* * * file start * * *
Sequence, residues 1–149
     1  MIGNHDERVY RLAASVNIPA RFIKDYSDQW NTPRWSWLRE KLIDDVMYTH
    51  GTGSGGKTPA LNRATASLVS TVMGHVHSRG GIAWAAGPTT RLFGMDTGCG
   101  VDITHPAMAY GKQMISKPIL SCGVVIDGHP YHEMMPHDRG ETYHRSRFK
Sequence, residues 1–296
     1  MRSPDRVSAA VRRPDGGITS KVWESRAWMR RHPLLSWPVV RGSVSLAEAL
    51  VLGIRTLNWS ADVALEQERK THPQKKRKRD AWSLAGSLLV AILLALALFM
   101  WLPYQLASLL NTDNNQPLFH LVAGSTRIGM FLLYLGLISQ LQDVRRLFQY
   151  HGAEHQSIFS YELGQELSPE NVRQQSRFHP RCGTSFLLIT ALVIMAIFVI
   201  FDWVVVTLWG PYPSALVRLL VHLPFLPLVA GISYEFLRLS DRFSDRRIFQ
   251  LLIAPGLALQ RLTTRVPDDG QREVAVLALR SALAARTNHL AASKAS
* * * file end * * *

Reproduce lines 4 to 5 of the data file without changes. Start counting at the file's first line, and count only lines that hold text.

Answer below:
   101  VDITHPAMAY GKQMISKPIL SCGVVIDGHP YHEMMPHDRG ETYHRSRFK
Sequence, residues 1–296